It’s been a long while since I’ve posted a new recipe! I’ve been vacationing in Hawaii celebrating one last big hurrah before baby comes!
One of my favorite local restaurants is Lettuce because I can order a HUGE salad heaped with fruits, veggies, cheese, and nuts and still leave feeling healthy with money in the bank. I love a great salad, but when it comes to chopping ingredients, I am super lazy. I tend to serve “greens with dressing” more often than not because the idea of pulling out a cutting board and chop, chop, chopping for the next 15 or 20 minutes just to make something that will be a side dish is incomprehensible.
The last time I went to Lettuce a girlfriend suggested that I try the half salad, half sandwich combo. She assured me I’d still get plenty of salad along with a hearty sandwich. I just had to be willing to take a leap of faith and try it. And so I did! I was served my usual salad with a side sandwich comprised of layers of prosciutto, fresh mozzarella, roasted peppers and fresh basil all on a thick, fluffy cloud of focaccia bread. Oh. My. Gosh. It was heaven. The sandwich/salad combo is now a new favorite and I decided to replicate the sandwich at home. This of course meant that I needed a decent focaccia recipe. I have a few favorite blogs that I use to find fail-proof recipes and one of those is Annie’s Eats. Her promise that this focaccia would bowl me over was not in vain. It really is amazing, even if you should get a doctor’s note before you can eat it.
I don’t often make fancy sandwiches for lunch but this was a special occasion. My dear friend Michelle spent 7 hours with me one Saturday painting the nursery and helping me register at Buy Buy Baby. I value time more than almost any other resource, so I wanted to make Michelle a lunch she wouldn’t soon forget. I re-created the salad/sandwich combo from Lettuce (yes! all that chopping!) and we feasted like kings… or, in my case, like a pregnant lady.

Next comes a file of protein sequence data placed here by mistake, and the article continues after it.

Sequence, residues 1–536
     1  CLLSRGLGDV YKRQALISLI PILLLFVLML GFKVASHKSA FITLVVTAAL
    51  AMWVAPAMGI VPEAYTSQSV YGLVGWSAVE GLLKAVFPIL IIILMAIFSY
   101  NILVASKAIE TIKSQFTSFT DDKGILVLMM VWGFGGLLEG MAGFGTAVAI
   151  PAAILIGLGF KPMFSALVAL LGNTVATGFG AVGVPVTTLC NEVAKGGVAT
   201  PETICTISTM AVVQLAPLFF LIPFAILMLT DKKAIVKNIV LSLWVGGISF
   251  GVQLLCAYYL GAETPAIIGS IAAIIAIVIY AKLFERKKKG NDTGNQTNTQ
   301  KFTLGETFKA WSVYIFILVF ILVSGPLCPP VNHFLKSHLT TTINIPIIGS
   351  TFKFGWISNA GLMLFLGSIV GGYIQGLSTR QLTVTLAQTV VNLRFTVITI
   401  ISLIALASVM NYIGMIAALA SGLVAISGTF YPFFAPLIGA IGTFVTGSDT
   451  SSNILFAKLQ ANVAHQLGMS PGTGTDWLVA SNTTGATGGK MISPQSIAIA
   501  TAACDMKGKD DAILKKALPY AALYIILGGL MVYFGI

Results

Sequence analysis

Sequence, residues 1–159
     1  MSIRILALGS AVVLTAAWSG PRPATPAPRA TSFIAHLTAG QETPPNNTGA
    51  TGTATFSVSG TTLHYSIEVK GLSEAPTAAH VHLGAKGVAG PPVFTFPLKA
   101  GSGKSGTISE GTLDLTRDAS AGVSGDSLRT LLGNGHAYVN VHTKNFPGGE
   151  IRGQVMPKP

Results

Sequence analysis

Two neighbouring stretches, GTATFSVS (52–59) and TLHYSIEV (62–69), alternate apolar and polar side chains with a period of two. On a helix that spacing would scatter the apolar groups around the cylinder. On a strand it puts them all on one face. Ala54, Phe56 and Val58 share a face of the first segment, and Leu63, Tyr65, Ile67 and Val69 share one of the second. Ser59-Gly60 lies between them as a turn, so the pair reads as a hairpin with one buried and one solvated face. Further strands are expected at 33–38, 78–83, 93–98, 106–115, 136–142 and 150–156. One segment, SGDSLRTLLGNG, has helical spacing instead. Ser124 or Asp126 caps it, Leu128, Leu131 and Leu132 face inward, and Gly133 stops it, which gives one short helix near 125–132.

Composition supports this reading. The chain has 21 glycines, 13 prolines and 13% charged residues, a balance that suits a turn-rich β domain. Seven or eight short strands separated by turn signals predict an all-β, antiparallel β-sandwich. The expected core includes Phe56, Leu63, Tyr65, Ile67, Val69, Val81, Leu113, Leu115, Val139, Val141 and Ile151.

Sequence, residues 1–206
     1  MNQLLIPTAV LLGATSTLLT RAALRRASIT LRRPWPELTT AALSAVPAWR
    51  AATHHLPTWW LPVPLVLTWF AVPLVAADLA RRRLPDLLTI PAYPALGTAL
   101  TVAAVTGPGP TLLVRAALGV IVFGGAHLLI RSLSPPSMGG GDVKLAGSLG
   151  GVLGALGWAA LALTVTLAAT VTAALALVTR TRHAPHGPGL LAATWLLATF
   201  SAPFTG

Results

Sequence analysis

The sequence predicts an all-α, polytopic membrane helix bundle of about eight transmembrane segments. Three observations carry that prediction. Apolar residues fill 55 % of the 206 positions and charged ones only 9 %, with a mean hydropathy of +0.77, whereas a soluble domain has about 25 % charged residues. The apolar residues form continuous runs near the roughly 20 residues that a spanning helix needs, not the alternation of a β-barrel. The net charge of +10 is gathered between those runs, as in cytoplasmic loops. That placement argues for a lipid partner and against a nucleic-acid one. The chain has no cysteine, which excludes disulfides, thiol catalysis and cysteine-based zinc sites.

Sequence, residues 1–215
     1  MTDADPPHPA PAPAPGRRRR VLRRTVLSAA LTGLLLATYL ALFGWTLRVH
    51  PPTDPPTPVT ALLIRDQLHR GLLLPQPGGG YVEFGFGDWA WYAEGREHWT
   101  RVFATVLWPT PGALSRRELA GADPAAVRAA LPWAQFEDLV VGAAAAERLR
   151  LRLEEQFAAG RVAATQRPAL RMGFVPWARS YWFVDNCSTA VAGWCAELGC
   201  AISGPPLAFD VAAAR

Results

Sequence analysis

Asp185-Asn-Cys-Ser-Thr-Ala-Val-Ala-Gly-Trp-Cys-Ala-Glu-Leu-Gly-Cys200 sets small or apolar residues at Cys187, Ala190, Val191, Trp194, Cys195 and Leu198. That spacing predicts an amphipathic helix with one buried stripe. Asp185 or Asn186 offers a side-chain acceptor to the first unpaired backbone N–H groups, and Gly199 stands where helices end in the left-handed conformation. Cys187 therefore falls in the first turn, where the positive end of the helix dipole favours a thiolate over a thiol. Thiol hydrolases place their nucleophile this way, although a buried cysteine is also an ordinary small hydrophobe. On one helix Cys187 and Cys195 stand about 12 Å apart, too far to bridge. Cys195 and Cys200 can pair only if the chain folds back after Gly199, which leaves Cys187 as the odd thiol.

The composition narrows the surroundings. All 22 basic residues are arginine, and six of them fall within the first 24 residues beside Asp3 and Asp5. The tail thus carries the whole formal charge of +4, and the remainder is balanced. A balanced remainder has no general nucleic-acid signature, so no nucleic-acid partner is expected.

This focaccia is out of this world. It is absolutely worth the effort to make it. It is moist, delicious, and stunning both as a sandwich bread and as a bread for serving alongside a hearty soup. You won’t be disappointed.
Source: Annie's Eats
- Stir together the flour, salt and yeast in the bowl of an electric mixer. Add the 6 tablespoons of oil and water and mix on low speed with the paddle attachment until the ingredients form a wet, sticky ball. Switch to the dough hook and mix on medium speed for 5-7 minutes, or as long as it takes to create a smooth, sticky dough. The dough should clear the sides of the bowl but stick to the bottom of the bowl. (You may need to add additional flour to firm up the dough enough to clear the sides of the bowl, but the dough should still be quite soft and sticky.)
- Sprinkle enough flour on the counter to cover an area about 6 inches square. Using a scraper or spatula dipped in water, transfer the sticky dough to the bed of flour and dust liberally with flour, patting the dough into a rectangle. Wait 5 minutes for the dough to relax.
- Coat your hands with flour and stretch the dough from each end to twice its size. Fold it, letter style, over itself to return it to a rectangular shape. Mist the top of the dough with spray oil, again dust with flour and cover loosely with plastic wrap.